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Amnesty Slams Turkey Over Post-coup Crackdown

  • Dorian Jones

FILE - Police officers escort people arrested because of suspected links to U.S.-based cleric Fethullah Gulen, in Kayseri, Turkey, April 26, 2017. Ankara suspects Gulen of masterminding a July 2016 coup attempt.

“No End in Sight” is the title of the British-based Amnesty International report into the ongoing crackdown in Turkey, after last July’s failed coup.

The 21-page report focuses on what it describes as the arbitrary dismissals of more than 100,000 public service workers, since the introduction of emergency rule after a botched military takeover.

“People are losing not only their jobs, but also their professional careers are destroyed; their family lives are destroyed; this is a disastrous situation facing a vast number of people,” warns Andrew Gardner, Amnesty’s Turkey researcher, “and there appears no end in sight.”

The Amnesty report says mass firings cover all fields of public service, including the armed forces, police, teachers, doctors and academics, as well as people working across all ministries and local government.

The report was compiled from interviews of human rights lawyers, local NGOs, trade unions and those who’ve been dismissed. It claims that those fired are provided with only “generalized justification” and no specific evidence against them. All dismissals are done by presidential decrees using emergency powers.

Ankara claims the crackdown is necessary due to the unprecedented threat posed by the coup attempt, in which more than 200 people died. Followers of the U.S. based Islamic cleric Fethullah Gulen are blamed, with the government arguing that many have infiltrated all parts of the Turkish state, and continue to pose a threat.

The Amnesty report acknowledges the severity of the July coup, and says all those involved should be brought to justice. But it claims the investigation through 33 interviews of those fired indicates no evidence of any connection to the coup, and that the crackdown is more about silencing criticism.

FILE - Riot police detain a demonstrator during a protest against the dismissal of academics from universities following a post-coup emergency decree, outside the Cebeci campus in Ankara, Turkey, Feb. 10, 2017.
FILE - Riot police detain a demonstrator during a protest against the dismissal of academics from universities following a post-coup emergency decree, outside the Cebeci campus in Ankara, Turkey, Feb. 10, 2017.

‘Legitimate peaceful criticism’

“From people that Amnesty has interviewed, there is very strong evidence that these people were targeted not because of their violent opposition to the government, but for their legitimate peaceful criticism of the ruling AK Party government,” said Gardner.

The report cited an interview with a Ministry of Justice official, who gave the example of a dismissal because the person cancelled a subscription to a digital TV provider, after Gulen supporters called for a boycott of the provider.

Amnesty said the crackdown has targeted many academics who signed a petition calling for an end to the conflict against the Kurdish rebel group, the PKK. Despite government denials that it's targeting those petitioners, Amnesty says more than one-third of those who signed the petition have been dismissed.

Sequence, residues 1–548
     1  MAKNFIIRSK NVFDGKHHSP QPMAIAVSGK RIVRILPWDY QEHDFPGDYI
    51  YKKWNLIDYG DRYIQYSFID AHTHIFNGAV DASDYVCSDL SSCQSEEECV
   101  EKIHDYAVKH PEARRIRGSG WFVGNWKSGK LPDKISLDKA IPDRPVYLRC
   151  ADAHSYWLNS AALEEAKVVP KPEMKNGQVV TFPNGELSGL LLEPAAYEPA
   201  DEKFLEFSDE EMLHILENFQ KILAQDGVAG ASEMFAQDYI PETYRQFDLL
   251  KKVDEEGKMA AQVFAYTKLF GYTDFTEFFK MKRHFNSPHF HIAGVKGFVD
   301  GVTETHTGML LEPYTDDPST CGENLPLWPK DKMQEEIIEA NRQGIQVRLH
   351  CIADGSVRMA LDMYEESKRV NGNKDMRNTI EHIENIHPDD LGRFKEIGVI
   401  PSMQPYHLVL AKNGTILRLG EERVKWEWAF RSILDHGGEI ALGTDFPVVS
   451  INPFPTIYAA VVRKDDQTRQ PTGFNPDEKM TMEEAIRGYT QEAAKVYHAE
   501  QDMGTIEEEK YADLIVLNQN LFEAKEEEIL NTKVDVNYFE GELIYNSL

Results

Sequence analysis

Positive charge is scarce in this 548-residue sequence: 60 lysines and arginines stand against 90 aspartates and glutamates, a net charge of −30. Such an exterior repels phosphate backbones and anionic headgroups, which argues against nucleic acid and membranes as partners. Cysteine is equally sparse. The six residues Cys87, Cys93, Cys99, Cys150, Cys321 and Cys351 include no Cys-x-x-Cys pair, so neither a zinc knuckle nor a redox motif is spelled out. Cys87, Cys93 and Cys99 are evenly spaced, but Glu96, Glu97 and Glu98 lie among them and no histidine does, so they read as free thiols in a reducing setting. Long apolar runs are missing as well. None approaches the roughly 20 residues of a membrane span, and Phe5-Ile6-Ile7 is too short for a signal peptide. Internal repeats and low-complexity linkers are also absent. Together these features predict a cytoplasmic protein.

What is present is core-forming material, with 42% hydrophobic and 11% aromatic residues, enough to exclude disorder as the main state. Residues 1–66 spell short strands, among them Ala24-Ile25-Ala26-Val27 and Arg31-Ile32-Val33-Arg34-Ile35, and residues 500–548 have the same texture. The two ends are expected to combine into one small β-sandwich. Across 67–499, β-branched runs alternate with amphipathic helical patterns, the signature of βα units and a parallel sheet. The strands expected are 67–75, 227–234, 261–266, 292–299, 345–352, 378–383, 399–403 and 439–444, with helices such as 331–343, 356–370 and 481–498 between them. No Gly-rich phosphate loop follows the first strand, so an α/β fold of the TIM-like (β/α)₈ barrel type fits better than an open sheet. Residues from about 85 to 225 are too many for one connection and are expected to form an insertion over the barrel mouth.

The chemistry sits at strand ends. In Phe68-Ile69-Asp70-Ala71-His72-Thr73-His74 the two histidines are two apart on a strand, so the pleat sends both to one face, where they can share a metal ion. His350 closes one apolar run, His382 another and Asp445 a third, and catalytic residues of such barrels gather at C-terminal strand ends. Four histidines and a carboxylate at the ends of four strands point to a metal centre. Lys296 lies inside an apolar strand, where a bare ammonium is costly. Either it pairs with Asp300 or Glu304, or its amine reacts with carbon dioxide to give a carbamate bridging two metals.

Lack of redress of those dismissed is a key point in the report.

“Currently, no courts in Turkey have accepted jurisdiction to review the dismissals,” the report wrote. Last week the government announcement a seven-man panel (all those on the panel are men), for those seeking redress, a move that has drawn derision.

“Even if this seven-person commission took hundreds of decisions a day it would not get through all the likely appeals in the two years it has been set up for. So the effectiveness of this panel and its independence is deeply in question,” says Amnesty’s Gardner.

The impact on the families of those dismissed also was mentioned, with a series of case studies explaining the economic and social hardship endured. Those who are sacked are banned from seeking any work in other state sectors, while opportunities also are limited in the private sector.

“Due to the stigma of being branded ‘terrorists’ under the decrees, many have not been able to find any work at all,” said the report. “People can't function in society anymore,” points out Gardner. "Many highly qualified people have ended up in menial jobs like cleaning, and with no hope of redress.”

The door has been closed to those seeking work abroad, with Amnesty saying the passports of many of those fired have been seized by authorities - a move that has prevented many academics taking job offers abroad. Several organizations assisting persecuted academics have provided scores of job offers to Turkish academics.

The emergency rule period is scheduled to end July 17, but hopes of any letup in the ongoing crackdown were dashed by President Recep Tayyip Erdogan. Speaking Sunday on being elected as head of his ruling AK Party, he declared that emergency rule will continue indefinitely.

“It will not be removed. Until when? Until we reach peace and prosperity,” declared Erdogan.

The Amnesty report concludes “that the dismissals and associated measures threaten a broad range of human rights protected by international conventions to which Turkey is a party. The report says a legitimate means of redress must be created.

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